-To promote and protect international law, which provides stability and prosperity, as well as to cooperate in solving global problems;
-To intensify efforts to ensure sustainability in the Pacific Ocean and, in particular, in East Timor.”
The aforementioned long quote requires some commentary. As we have stated on various occasions, such texts by Chinese political opponents use the well-entrenched language of euphemisms.
Expressions such as “openness”, “freedom”, “international norms” and “rights of all States” implicitly imply the source of threats to the efficacy of the categories being referred to. These words invariably appear in the official documents of the United States, Japan, Australia itself, when, for example, the issue of territorial disputes between the PRC and its neighbors in the subregion of South-East Asia are discussed.
Similar expressions were used a year ago in Australia’s “White Paper on Defense”, which states, inter alia, that American-Chinese relations will play the decisive role in the Indian-Pacific Region for the foreseeable future. This document leaves no room for doubt as to which of the two world giants will remain a key partner for Australia in securing its national security.
The same words about the need to “maintain law-based order” in the Indian-Pacific Region were used in a press release about the meeting of the responsible representatives of the Foreign Ministries of India, Indonesia and Australia, which took place in Indonesian Bogor at the end of November.
With regard to the last of the aforementioned paragraphs of the MFA’s “White Paper”, it reflects Australia’s growing influence on the situation not only in East Timor (which, almost 20 years ago, Canberra played a decisive role in its achieving statehood), but also in the Island States of the south-western Pacific Ocean.
In China, of course, they could not fail to pay attention to the impressive conceptual document on the foreign policy of an important player in the game, unfolding in the Indian-Pacific Region. Mainly, the key thesis about the “dominant role of the United States” in the Indian-Pacific region and Australia’s intention to deepen allied relations with Washington, as well as participate in the formation of multilateral alliances.
The Chinese Global Times points out that, in security matters, Australia is even ahead of the US, because American policy toward China is much more complex than it may seem to some Australian Foreign Ministry officials. The outcome of the recent visit to Beijing by the American President is cited as an indication of this complexity.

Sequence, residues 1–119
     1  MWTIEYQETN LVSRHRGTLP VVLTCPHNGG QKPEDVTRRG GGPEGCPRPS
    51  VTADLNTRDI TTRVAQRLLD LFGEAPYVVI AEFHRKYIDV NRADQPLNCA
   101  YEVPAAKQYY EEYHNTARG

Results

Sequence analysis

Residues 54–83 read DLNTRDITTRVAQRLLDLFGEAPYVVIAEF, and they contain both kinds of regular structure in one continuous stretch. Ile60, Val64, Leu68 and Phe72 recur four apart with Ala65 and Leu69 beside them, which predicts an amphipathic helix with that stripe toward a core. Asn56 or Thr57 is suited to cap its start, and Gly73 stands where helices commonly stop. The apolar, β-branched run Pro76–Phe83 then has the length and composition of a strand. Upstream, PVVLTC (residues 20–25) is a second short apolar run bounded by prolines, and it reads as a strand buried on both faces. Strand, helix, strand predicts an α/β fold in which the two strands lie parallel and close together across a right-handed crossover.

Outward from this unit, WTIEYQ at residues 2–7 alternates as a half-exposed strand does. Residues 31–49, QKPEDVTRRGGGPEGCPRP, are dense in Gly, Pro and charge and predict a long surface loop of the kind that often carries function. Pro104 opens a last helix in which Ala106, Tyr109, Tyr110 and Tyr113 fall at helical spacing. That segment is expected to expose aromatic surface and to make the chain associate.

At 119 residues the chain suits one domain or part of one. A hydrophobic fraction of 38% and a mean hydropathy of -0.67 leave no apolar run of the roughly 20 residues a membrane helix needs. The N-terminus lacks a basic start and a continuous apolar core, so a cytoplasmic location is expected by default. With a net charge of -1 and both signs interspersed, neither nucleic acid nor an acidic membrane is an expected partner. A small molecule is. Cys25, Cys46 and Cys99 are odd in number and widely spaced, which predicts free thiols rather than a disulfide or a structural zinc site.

Perhaps, in connection with this, the Chinese Global Times recalled, as a reminder, that for China, who is Australia’s largest economic partner, that the latter is not even in the top ten of its trade counterparts. And that Beijing could reorient “to the other side” in economic ties with Canberra without inflicting any significant damage to itself.
In this kind of partnership, China uses both sticks and carrots. For example, in July of this year, six Australian beef companies were denied access to the Chinese market, which accounted for about a third of the total of this product exported by Australia to China. At the end of November, the ban was lifted, resulting in a very positive reaction from the Minister of Trade of Australia, Steven Ciobo, on the “gratitude to China by the coalition government of Malcolm Turnbull“.
Still, it’s not very convenient to stand on your feet, fanning out in different directions. But it seems that, in particular, in the text of the document discussed here, Australia intends to remain in this uncomfortable position.
It is important, however, not to sit on the political “divide”, which (without special preparation) is fraught with painful consequences.
Vladimir Terekhov, expert on the issues of the Asia-Pacific Region, exclusively for the online magazine “New Eastern Outlook.”